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Pūkaha mourns special bird

Staff at Pūkaha National Wildlife Centre are mourning the loss of Kahurangi, the only North Island Kōkako in the world that was held in captivity.

Prior to arriving at Pūkaha in 2005, Kahurangi was rescued and hand reared as a chick, which made her too tame to be released into the wild.

A Pūkaha spokesperson said she had played a significant role in Aotearoa’s conservation efforts.

“With charm and charisma, she wowed thousands of visitors and students every year and raised awareness of this very special yet illusive native bird species.”

Kahurangi’s cause of death is unknown at this stage, but the spokesperson indicated that age may have been a factor.

Pūkaha board co-chair and Rangitāne representative Mavis Mullens said it is sad news.

“Our taonga manu [precious birds] don’t live forever, but they are here to inspire us to care much more deeply,” Mullens said.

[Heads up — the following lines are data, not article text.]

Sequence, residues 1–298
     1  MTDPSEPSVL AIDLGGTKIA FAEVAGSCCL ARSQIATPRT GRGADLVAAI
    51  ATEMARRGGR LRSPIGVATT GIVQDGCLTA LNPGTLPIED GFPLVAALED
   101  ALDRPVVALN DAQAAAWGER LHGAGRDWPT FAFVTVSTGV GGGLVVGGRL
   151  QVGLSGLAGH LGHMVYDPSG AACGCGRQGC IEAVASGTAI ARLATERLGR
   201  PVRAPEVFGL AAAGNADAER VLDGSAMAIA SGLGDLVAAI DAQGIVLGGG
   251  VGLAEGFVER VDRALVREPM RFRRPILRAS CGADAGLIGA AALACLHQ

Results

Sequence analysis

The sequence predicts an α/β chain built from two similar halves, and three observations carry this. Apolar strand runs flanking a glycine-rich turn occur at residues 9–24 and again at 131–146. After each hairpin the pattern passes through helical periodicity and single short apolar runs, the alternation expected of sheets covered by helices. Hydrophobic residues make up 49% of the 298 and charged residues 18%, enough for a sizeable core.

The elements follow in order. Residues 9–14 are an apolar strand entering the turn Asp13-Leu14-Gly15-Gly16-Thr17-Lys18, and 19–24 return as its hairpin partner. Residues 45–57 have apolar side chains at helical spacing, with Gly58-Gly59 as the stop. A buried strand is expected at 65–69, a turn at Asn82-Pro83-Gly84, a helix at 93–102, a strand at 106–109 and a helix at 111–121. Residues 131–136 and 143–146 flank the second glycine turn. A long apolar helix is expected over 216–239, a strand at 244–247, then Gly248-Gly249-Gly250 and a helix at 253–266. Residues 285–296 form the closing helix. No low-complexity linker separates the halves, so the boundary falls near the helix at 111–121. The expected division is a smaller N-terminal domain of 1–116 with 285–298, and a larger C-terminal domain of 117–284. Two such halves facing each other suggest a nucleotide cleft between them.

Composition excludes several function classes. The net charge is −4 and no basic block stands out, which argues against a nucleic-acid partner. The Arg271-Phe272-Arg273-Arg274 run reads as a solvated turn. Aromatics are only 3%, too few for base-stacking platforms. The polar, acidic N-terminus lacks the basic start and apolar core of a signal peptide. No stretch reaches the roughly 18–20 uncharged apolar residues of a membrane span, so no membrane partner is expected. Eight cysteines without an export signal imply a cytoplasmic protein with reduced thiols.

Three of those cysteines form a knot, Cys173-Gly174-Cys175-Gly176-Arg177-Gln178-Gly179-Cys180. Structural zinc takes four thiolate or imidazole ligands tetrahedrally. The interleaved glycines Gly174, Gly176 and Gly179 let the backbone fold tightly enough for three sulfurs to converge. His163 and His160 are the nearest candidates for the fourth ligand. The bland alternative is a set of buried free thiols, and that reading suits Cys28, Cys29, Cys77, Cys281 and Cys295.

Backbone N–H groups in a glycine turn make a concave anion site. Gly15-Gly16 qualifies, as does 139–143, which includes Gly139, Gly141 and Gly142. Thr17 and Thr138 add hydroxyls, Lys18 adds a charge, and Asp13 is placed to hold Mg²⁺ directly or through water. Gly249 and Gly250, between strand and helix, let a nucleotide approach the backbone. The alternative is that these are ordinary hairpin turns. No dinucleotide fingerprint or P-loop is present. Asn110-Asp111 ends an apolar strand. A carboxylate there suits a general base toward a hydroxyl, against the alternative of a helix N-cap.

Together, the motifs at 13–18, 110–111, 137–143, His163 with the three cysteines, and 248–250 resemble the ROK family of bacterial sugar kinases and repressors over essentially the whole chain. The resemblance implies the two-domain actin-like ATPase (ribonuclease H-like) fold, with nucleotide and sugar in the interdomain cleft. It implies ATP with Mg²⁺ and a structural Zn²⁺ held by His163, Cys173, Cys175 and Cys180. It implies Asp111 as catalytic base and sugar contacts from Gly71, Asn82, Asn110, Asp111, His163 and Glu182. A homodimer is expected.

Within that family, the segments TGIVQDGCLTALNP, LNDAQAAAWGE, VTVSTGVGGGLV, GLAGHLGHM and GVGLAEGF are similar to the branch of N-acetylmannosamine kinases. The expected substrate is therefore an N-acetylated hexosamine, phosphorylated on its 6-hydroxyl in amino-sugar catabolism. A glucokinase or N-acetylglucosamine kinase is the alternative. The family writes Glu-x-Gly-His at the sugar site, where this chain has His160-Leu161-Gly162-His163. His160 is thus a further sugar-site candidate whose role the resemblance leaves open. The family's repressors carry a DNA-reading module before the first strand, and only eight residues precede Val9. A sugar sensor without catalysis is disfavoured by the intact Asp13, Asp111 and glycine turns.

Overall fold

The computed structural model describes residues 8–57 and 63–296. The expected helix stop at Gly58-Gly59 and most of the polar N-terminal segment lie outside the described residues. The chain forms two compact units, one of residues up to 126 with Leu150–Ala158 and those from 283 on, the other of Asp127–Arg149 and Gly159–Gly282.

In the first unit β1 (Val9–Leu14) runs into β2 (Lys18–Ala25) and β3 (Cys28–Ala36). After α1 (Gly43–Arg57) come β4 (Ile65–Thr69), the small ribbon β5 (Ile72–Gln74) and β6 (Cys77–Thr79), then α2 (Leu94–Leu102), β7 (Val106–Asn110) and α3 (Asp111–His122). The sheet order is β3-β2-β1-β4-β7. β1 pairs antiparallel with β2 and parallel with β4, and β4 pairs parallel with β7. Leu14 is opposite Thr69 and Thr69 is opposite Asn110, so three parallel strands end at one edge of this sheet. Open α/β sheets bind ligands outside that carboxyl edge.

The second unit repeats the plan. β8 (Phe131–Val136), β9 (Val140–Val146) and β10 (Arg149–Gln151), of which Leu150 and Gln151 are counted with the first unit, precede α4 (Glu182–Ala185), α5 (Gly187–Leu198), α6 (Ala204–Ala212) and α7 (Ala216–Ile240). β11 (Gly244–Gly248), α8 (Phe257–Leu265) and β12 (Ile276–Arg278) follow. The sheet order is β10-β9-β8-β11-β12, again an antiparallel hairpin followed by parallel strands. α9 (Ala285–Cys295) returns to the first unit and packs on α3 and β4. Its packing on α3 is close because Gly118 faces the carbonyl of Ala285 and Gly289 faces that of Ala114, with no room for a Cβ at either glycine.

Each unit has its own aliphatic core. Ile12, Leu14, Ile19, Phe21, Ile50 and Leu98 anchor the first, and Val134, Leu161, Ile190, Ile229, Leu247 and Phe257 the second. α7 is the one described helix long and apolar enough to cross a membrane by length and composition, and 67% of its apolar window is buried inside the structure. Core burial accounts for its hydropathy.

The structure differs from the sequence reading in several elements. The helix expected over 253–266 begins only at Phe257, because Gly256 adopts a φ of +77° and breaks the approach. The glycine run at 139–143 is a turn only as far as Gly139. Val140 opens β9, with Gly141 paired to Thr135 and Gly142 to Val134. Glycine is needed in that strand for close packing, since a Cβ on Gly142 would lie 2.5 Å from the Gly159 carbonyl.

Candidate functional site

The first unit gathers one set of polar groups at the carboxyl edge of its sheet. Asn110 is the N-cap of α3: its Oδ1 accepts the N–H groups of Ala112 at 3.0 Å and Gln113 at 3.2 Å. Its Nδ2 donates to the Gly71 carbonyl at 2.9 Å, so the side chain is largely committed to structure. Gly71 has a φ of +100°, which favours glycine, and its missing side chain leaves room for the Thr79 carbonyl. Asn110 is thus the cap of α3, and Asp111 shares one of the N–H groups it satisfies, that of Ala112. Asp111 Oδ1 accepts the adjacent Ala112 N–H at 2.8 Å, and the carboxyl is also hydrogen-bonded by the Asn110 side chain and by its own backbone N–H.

“We honour her for that, and it strengthens our resolve to do as much as we can for biodiversity and protection of our most vulnerable manu [birds].”

Pūkaha general manager Emily Court said staff, volunteers, and rangers “past and present” are devastated at the loss.

“Kahurangi has touched the lives of so many people both in Aotearoa and across the globe,” she said.

Over the coming days, Pūkaha and Rangitāne will work closely to prepare a suitable farewell for their “beautiful friend”, Court said.

“We know that the community will want to show their respect, and a suitable event will held for all of us to come together.”

Bella Cleary
Bella Cleary
Bella Cleary is a reporter at the Wairarapa Times-Age, originally hailing from Wellington. She is interested in social issues and writes about the local arts and culture scene.

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